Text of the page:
- February production seen at lowest since 2011, survey shows
- Weak demand, ringgit rally pose headwinds to prices: Pelindung
Palm oil inventories in Malaysia probably fell to an 11-month low in February as a dry spell triggered by the strongest El Nino in almost two decades hurt the crop in the world’s second-largest producer.
Stockpiles slid 8.7 percent to 2.11 million metric tons from a month earlier, the smallest since March 2015, according to the median of 8 estimates in a Bloomberg survey of planters, traders and analysts. Output declined 3.5 percent to 1.09 million tons, falling for a fourth month to the lowest since January 2011. Exports fell 14 percent to 1.1 million tons, the survey showed. The Malaysian Palm Oil Board will release official data by March 10.
Inventories are set to shrink further as the impact of the El Nino exacerbates the decline in production, boosting prices, Singapore-based commodity trader Olam International Ltd. said last week. Futures surged to a 21-month high in February and have since lost some steam as a stronger ringgit curbs demand from buyers. Output in Southeast Asia may experience the worst impact since the 1997-1998 El Nino, according to LMC International Ltd. Chairman James Fry.
“Based on historical trends, demand should be soft in the short term,” said Voon Yee Ping, an analyst at Kenanga Investment Bank Bhd. “But production should be soft toward April and stockpiles should continue to decline in the next few months.”
Futures for May delivery on Bursa Malaysia Derivatives rose as much as 1.4 percent, the biggest daily gain for a most-active contract since Feb. 12, before trading 1.3 percent higher at 2,540 ringgit ($621) a ton by the midday break in Kuala Lumpur. Prices are up 2.2 percent this year.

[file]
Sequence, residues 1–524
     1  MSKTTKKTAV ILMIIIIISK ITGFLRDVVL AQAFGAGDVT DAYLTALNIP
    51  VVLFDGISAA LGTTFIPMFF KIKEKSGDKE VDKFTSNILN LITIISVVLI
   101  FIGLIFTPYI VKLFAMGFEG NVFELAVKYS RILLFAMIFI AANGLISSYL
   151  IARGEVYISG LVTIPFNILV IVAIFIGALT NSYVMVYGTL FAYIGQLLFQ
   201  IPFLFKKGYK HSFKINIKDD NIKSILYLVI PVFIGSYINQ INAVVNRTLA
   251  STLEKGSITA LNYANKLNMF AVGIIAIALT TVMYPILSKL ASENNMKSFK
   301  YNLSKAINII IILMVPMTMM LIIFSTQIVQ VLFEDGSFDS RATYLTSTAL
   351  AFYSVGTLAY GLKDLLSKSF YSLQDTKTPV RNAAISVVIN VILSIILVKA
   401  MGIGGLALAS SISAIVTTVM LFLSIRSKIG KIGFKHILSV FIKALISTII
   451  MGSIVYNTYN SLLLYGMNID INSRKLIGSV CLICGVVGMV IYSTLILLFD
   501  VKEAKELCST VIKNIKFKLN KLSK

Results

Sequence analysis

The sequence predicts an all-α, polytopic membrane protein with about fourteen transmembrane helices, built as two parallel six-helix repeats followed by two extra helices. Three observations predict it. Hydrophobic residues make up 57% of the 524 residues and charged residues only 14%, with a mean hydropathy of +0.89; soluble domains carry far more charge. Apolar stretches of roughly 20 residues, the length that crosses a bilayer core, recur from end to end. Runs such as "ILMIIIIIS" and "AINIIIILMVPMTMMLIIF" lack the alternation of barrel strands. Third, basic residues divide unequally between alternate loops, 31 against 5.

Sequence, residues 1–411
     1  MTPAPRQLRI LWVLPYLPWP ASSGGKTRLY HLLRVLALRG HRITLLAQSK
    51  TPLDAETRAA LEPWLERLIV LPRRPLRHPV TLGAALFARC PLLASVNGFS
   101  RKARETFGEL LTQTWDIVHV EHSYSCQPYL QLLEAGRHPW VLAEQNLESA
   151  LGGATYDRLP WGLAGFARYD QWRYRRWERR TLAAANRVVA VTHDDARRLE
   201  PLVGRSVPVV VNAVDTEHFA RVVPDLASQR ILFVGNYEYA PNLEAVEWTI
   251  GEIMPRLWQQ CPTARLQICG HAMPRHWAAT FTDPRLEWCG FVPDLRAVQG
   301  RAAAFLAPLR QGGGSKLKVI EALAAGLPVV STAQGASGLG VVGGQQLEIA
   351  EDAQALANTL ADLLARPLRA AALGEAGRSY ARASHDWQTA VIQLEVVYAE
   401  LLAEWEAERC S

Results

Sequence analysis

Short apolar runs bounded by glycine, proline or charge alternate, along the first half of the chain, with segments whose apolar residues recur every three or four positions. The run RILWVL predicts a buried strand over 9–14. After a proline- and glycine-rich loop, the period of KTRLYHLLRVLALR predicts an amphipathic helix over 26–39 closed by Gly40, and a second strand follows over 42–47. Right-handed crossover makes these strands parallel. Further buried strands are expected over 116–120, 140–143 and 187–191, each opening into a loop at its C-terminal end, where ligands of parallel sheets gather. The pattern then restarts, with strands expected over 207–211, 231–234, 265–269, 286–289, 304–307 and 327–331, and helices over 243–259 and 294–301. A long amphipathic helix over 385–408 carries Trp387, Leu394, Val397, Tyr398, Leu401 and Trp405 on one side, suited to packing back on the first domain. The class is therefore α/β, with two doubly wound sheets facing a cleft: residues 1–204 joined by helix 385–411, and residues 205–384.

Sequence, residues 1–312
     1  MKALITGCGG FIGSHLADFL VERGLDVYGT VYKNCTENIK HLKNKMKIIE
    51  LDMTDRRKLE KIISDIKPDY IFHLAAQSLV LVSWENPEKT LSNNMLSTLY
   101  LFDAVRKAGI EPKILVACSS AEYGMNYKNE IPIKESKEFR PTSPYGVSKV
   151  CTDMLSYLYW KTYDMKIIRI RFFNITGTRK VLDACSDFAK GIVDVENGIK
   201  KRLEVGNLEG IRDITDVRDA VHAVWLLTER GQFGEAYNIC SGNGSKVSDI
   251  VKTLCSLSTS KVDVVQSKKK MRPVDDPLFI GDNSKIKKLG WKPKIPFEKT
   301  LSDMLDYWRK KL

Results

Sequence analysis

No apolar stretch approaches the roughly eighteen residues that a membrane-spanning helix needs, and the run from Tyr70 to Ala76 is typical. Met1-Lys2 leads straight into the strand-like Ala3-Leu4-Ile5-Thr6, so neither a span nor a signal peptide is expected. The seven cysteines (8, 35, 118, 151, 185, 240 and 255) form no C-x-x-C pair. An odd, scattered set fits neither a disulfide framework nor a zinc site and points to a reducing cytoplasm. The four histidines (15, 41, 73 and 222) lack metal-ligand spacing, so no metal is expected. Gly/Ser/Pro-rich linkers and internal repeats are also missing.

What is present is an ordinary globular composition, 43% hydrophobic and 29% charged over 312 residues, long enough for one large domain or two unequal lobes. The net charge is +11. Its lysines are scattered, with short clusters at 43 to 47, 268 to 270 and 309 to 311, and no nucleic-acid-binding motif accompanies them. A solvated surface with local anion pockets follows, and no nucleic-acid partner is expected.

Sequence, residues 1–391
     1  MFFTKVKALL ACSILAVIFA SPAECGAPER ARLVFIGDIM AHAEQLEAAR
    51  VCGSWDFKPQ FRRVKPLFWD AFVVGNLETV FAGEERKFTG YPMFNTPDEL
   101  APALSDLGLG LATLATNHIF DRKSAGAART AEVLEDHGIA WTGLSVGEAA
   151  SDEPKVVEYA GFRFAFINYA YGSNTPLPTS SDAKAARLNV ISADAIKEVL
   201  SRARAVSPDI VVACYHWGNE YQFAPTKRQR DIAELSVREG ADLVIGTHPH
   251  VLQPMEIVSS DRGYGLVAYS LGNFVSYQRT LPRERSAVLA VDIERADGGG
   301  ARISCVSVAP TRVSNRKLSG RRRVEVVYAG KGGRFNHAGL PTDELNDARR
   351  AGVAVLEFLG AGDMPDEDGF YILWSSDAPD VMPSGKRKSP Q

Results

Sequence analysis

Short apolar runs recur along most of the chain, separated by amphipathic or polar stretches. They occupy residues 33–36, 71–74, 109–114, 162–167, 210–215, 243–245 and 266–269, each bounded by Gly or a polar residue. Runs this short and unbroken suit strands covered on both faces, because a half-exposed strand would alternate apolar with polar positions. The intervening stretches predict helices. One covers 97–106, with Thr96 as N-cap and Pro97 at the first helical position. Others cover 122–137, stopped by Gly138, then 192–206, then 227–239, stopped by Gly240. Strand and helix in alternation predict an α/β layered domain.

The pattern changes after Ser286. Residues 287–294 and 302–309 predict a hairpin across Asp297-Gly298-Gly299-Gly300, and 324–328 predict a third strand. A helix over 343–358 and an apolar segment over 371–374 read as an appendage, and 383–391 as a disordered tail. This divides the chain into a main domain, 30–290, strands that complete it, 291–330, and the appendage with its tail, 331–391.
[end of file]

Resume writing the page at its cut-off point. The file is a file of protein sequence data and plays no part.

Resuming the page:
“Palm oil prices are facing a perfect storm of the drought, which will hit output, and the new demand of biodiesel from Indonesia,” Fry said in an interview on Monday in Kuala Lumpur. Indonesia may blend an average of 140,000 tons and 150,000 tons of biodiesel a month this year, he said.
Olam’s Chief Executive Officer Sunny Verghese said on Feb. 29 that about 1.5 million to 2 million tons of palm oil production will be lost to El Nino-induced dry weather. Malaysian plantation consultant Ganling Sdn. warns that the supply disruptions are “far from over,” with futures seen trading between 2,300-2,800 ringgit in 2016.
“Sabah planters foresee output to be lower again if dryness continues in March,” Hiro Chai, associate director at CIMB Futures Sdn., said referring to Malaysia’s top palm-growing state. “If fruits are still dry in March, lower oil extraction will be seen.”
Waning demand from top customers amid the ringgit’s rally may pose headwinds to further price increases, according to Paramalingam Supramaniam, director at Selangor-based brokerage Pelindung Bestari. A bumper harvest of soybeans from South America will also pressure prices, he said.
Imports probably jumped 25 percent to 50,000 tons in February, according to the survey. Malaysia said last month it scrapped the temporary curbs on imports imposed in October. Domestic consumption ranged between 210,000 tons and 240,000 tons, the survey showed.
|Feb. 2016 |
|Jan. 2016 |
| Feb. 2015 |
NOTE: Figures in million metric tons are based on the median of 8 estimates.